By TODD STONE
MLA, Kamloops-South Thompson
IT HAS BEEN CLEAR since Oct. 17, 2018, that John Horgan’s NDP government did not have an effective plan in mind for the introduction of legal cannabis.
Nine months in, the great green rush is off to a rough start here in B.C. Yearly revenue projections are down a staggering $53 million and Horgan’s handling of the shift to legal cannabis has quickly become a laughing stock across Canada, especially when compared to the progress made by previously prohibition-heavy provinces like Alberta and Manitoba.
Let’s start with the most obvious issue, which is the complete lack of private retail cannabis stores throughout most of B.C. To put the numbers into perspective, Alberta currently has 176 licensed stores province-wide, which easily dwarfs B.C’s pitiful 40 stores as of the middle of July. This is in stark contrast to the expectations laid out by the NDP government.
The black market is thriving, the legal market is sputtering and the NDP are, unsurprisingly, making it very clear that they could care less about the struggles of small business owners.
Dozens of private retail cannabis operators are severely disheartened and facing financial hardship. Small business folks around B.C. with legitimate applications are waiting upwards of eight months for provincial approvals.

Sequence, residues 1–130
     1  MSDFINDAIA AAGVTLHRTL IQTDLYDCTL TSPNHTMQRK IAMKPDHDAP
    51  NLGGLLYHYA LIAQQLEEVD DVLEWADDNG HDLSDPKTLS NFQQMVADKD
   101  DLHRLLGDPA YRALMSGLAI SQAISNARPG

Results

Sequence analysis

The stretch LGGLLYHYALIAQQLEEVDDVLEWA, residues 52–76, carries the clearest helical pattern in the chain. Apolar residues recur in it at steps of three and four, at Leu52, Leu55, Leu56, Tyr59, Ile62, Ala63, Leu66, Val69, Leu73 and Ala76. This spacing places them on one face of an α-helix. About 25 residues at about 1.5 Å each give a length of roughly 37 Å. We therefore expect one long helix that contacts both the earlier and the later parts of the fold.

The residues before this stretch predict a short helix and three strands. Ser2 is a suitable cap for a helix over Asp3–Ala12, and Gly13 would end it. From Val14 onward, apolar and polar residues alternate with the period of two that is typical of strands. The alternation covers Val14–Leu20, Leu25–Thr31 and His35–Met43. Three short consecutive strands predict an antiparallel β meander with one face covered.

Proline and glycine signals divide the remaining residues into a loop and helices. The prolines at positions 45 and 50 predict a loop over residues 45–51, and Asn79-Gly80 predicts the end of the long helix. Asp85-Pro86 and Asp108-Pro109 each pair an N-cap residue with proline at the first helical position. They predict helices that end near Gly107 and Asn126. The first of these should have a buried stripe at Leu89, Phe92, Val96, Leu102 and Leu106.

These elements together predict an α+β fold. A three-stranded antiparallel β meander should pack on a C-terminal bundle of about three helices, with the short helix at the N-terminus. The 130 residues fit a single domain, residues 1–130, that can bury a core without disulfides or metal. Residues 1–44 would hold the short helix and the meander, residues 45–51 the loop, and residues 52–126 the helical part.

These entrepreneurs are being forced to bleed money for leases and other costs they have incurred in good faith on the understanding set by the NDP that their approvals would be dealt with in an expeditious manner.
Many of these small business owners are now facing serious financial hardship as they watch the NDP dither and delay with no apparent rationale for doing so.
John Horgan willfully gave municipalities the option to decide whether to allow legal retail stores in their communities, which means if a local government opts out, there will be no local competition to the black market in that community.
One example is Surrey, which has voted to ban legal stores and has, in turn, pushed recreational cannabis consumers to the black market. The entire idea is preposterous, but here we are in John Horgan’s B.C., the joke of the Canadian cannabis industry.
The number one objective of legalizing cannabis – we were told – was to eliminate black market sales. There should be great concern that while the NDP sits idly by and refuses to approve permits to legitimate business owners, illegal sales will continue.